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The Concept of Reverse Leveling

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So there is this concept that most game developers tend to avoid. It's called Reverse Leveling. Basically what it means is that the character starts out as powerful, but as the game progresses, he becomes weaker and weaker.

I can list some examples of this. Here is one: in the Warcraft III: The Frozen Throne


in the campaign where you play as the undead, Arthas starts to lose levels, thus decreasing them from 10 to 2. It happens gradually, and he has periods of pain, where the Lich King starts to lose power, which is causing the level drain. While it is pretty bad, it is balanced out by another hero and still-present army of the undead


And there is this game called Resin: http://store.steampowered.com/app/525630/

It's a post-apocalyptic game that revolves around this concept. Also underrated

To quote the Steam page:

You control an android woman made out of Resin, who was programmed with a task to slay the Warmth generators. Ironically, without their vital energy her life would also fade away.


So! What do you think about this concept? If you like it, how do you think it can be utilized in a game in a way that is enjoyable?

A.K.A. UberCatSR

Favorite game: Quake 1.


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Well games are supposedly supposed to get harder the further you get along, that just seems to be the common trait. Like, puzzles in Portal 2 would become more difficult, in MMOs you'd level up and become more powerful, however so would everything else. So reverse leveling is a super easy way to get that 'increases in difficulty' curve. If done right, I think it's an awesome concept, though I don't think I've ever played a game that has it.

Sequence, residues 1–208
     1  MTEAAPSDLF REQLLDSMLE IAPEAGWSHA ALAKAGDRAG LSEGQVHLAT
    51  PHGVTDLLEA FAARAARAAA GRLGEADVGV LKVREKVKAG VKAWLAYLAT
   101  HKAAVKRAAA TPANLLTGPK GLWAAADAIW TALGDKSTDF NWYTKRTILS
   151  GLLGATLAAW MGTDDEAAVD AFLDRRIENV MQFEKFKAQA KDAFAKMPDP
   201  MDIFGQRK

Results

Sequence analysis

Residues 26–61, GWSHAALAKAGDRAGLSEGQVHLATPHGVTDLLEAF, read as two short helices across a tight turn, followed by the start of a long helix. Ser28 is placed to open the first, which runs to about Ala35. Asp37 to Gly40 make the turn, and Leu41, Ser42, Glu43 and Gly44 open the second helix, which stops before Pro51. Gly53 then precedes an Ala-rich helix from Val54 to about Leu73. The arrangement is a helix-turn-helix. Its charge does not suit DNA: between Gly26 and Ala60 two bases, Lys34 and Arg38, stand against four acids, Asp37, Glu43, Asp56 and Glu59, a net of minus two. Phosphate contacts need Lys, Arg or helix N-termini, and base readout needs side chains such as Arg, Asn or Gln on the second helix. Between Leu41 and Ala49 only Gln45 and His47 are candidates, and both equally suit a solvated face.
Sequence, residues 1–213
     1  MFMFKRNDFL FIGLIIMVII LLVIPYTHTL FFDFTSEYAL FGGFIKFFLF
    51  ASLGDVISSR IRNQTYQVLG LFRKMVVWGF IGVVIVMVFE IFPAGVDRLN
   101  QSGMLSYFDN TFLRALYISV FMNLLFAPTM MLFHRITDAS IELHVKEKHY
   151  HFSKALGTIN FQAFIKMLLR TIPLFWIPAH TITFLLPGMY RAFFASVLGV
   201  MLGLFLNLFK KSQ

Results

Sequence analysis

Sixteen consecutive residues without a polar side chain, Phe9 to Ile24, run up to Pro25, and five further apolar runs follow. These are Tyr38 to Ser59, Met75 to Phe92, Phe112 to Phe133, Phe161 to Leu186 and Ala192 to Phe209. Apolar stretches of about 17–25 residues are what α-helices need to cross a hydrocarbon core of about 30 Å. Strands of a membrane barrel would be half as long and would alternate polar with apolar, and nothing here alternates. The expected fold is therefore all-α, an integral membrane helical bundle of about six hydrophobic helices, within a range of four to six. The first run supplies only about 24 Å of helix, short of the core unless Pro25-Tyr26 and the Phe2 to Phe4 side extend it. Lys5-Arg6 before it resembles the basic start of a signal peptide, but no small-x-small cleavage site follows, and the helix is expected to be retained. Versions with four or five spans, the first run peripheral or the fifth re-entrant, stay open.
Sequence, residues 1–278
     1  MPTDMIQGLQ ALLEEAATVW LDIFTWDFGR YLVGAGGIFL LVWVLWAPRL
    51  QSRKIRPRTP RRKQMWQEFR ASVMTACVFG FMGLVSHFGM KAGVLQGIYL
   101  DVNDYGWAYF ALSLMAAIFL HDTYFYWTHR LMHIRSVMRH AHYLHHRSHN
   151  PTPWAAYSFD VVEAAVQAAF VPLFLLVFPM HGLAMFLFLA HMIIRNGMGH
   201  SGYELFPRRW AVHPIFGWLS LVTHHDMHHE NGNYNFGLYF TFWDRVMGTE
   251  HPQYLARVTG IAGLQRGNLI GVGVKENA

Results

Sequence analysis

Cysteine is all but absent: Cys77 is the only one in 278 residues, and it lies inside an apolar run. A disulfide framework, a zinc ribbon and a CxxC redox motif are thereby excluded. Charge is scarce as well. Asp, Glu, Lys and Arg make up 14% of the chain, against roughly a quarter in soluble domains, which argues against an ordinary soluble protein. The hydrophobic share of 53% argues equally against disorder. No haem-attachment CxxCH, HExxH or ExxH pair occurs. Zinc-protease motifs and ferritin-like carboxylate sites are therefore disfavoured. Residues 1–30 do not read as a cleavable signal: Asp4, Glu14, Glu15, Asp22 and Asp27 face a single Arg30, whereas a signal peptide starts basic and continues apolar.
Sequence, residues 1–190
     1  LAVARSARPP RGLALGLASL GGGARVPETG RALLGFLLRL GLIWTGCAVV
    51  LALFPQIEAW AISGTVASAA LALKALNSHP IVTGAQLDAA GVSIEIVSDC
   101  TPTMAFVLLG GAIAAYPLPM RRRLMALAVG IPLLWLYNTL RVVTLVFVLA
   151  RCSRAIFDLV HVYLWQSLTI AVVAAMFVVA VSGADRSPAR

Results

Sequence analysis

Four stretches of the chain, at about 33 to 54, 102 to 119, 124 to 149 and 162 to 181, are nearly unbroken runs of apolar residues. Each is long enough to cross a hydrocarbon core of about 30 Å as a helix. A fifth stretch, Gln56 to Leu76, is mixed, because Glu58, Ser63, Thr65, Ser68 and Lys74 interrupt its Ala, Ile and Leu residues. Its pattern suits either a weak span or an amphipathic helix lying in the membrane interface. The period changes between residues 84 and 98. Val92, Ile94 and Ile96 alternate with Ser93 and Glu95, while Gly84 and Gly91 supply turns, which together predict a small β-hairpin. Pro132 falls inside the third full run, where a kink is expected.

"Ross, this is nothing. WHAT YOU NEED to be playing is S***flinger 5000." - Ross Scott talking about himself.


PM me if you have any questions or concerns! :D

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I like the idea of levels not being constant in one direction too. Like how in some of the earlier final fantasy games there are spells that can raise or lower the level of a character. Of course, naturally leveling up needs to not be too difficult if you're going to give an enemy the power to delete your experience

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It's mostly a solution to the trend in RPGs where the game starts out hard but gets easier as it goes on. You can see it with rpgs like Baldur's Gate, Fallout or Morrowind where you start the game as a really weak character but by the end of it you're basically death incarnate and even the final boss is occasionally a joke.


Most modern rpgs have solved this by just making the game easy in general or by giving it action elements and balancing the game as an action game.

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